Canada 150: Wilfrid Laurier and Canada's Hidden History of Classical Liberalism


Renowned Canadian political scientist, Gad Horowitz, argues that Canada’s political identity has the “Tory Touch”. This is the idea that Canadians have always preferred a modern version of 19th century Toryism as our government’s guiding philosophy, one of communitarian values rather than individualism. Horowitz and others (like Charles Taylor) have suggested that these communitarian values are what separates our political identity from that of the United States. Accordingly, any political movement that seeks to undermine these communitarian values is treated as alien or, even more damningly, “American”. However, this attitude has obscured the role played by laissez-faire liberalism in the formation and development of our country, especially as championed by the Liberal Party during the leadership of Sir Wilfrid Laurier.

Laurier’s classical liberalism (or Whigism) distrusted federal government overreach and attempted to develop a country based on the values of commercialism and individual liberty. Despite the arguments of political scientists like Horowitz and Taylor, classical liberalism is a significant part of Canada’s political heritage.

Post-Confederation, not unlike today, Canadian politics was consumed by how Anglo and Franco Canadians could co-exist within one major polity. Given the significant differences between these two linguistic and religious communities, it is remarkable that most Canadians at the time were eager for the new union to succeed. Laurier argued that this was only possible because of the fine heritage of British liberalism. He argued that the individual rights given to all British citizens, regardless of language or religion, were the most important reason why Franco Quebeckers and English Canadians had no reason to fear being oppressed by one another, and thus could be optimistic about the union’s future. Accordingly, Laurier defended individual and provincial rights as Canada’s best hope for continued unity.  He also took care to avoid situations where political issues were divided on purely linguistic lines. Laurier believed that individualism was the long-term antidote to this sort of partisanship.

Laurier was a passionate advocate of reciprocity with the United States and laissez-faire economics. On two occasions, 1891 and 1911, he championed the cause of reciprocity with the United States only to be defeated in general elections by the combined weight of Conservatives, industrialists, and British imperialists. Despite his defeat on the issue at the polls, he continued to argue that reciprocity with the United States was the best way to ensure Canadian prosperity and individual freedom. As Leader of the Opposition, his laissez-faire beliefs led to him to oppose the Macdonald government’s policy of providing financial relief to the Canadian Pacific Railway. Laurier supported the project, but believed that the state should have as minimal a role in the economy as possible. Accordingly, the Canadian Pacific Railway should have been permitted to fail or succeed on its own merits, free of government interference.

Laurier’s spirit of laissez-faire economics and skepticism of government intervention was bequeathed to the new west, which began to be significantly settled under Laurier’s administration. His government initiated a liberal and far-reaching immigration plan that invited potential settlers from all over the world. Accordingly, persecuted religious and ethnic minorities came to Canada for freedom and prosperity. This passion for individual rights, freedom, and opportunity that brought people from all over the world to settle in the Canadian prairies has lingered on to this day, creating a political culture that is more comfortable expressing its preference for individual values than central or eastern Canada.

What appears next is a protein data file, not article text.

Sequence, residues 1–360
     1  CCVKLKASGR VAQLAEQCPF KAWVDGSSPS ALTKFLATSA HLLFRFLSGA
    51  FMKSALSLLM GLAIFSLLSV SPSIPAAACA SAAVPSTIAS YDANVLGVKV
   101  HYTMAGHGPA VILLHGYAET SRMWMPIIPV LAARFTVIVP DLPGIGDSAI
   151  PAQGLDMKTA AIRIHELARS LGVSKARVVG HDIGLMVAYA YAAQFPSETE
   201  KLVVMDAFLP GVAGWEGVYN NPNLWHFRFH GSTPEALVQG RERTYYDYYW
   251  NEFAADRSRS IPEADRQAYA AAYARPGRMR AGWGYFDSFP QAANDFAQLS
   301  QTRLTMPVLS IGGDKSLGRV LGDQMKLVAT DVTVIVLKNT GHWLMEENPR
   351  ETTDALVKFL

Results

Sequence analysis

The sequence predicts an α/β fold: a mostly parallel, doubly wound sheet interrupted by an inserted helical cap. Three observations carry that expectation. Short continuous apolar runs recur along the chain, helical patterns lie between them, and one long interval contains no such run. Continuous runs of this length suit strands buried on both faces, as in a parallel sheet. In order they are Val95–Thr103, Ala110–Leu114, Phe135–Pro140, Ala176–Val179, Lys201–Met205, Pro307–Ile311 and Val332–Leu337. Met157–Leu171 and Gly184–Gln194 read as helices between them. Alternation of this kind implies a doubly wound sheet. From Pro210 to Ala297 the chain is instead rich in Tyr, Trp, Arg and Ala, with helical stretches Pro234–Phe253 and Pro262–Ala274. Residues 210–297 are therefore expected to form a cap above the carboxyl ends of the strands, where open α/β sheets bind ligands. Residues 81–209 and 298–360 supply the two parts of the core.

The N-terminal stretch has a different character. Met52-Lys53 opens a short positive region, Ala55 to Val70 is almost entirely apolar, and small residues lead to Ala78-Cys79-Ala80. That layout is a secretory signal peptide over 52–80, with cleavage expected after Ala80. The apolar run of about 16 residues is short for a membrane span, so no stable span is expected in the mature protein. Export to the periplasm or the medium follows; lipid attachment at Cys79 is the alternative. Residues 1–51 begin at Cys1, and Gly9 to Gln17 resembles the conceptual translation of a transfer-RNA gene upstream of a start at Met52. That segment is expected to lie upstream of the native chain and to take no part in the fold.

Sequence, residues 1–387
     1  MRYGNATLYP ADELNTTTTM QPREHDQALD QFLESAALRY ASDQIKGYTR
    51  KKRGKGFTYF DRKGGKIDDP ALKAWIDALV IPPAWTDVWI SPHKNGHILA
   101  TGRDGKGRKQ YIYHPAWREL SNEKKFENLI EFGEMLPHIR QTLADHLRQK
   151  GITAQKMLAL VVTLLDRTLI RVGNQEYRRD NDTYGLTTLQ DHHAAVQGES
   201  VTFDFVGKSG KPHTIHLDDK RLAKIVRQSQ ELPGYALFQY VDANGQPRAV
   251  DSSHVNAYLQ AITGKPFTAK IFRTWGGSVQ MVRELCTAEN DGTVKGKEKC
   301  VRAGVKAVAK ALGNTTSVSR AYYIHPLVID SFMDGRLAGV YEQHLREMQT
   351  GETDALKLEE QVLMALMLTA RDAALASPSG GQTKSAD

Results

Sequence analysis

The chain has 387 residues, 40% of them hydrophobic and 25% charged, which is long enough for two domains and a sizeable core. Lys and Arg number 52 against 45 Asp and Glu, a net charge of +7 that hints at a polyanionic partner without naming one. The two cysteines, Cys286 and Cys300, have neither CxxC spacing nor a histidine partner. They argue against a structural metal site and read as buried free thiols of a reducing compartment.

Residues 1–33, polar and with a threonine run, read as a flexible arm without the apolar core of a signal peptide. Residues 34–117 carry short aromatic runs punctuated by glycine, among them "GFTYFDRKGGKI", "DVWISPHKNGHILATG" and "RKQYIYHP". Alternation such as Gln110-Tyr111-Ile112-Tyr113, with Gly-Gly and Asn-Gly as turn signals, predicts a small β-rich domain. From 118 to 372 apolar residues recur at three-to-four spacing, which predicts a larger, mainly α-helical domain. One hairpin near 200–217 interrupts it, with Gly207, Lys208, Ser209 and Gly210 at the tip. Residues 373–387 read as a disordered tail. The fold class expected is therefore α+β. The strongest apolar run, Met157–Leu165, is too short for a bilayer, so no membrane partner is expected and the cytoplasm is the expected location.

The election of 1917 saw Laurier again defend the rights of the individual citizen against government overreach. He argued feverishly against the Borden government’s policy of introducing conscription to support the war effort. Although he favoured continuing the fight, Laurier argued that the conscription bill was gross government coercion upon the rights of the individual citizen. Unfortunately, his stance on conscription proved unpopular in English Canada leading to his defeat in the election. However, his principled defense of individual rights held the government to account and ensured that the war did not become an excuse for any further steps toward totalitarianism.

Although it may not fit nicely into the traditional prism through which Canadian brokerage politics is viewed, classical liberalism has always been at the forefront of Canadian democracy.  Sir Wilfrid Laurier is proof of this heritage. It is not an “alien” or “American” influence that undermines our Canadian identity, but a significant part of our culture that has influenced Canadian politics from the settling of the west to modern free trade agreements.

Sir Wilfrid Laurier believed that Canada would be the dominant force on this continent if it embraced individual and commercial liberty, as it would (if nothing else) spare the budding country the divisive tensions of the identity politics that had consumed pre-Confederation politics. If our country had followed Laurier’s advice, we likely would not have had the constitutional battles and politics of separatism that defined recent Canadian political history. We would also have governments less focused on interfering in the lives of citizens, giving us more freedom and prosperity. It is incumbent upon those who believe in individual rights and commercial liberty to channel the spirit of Wilfrid Laurier and to create a Canada that is more liberated, prosperous, and united.

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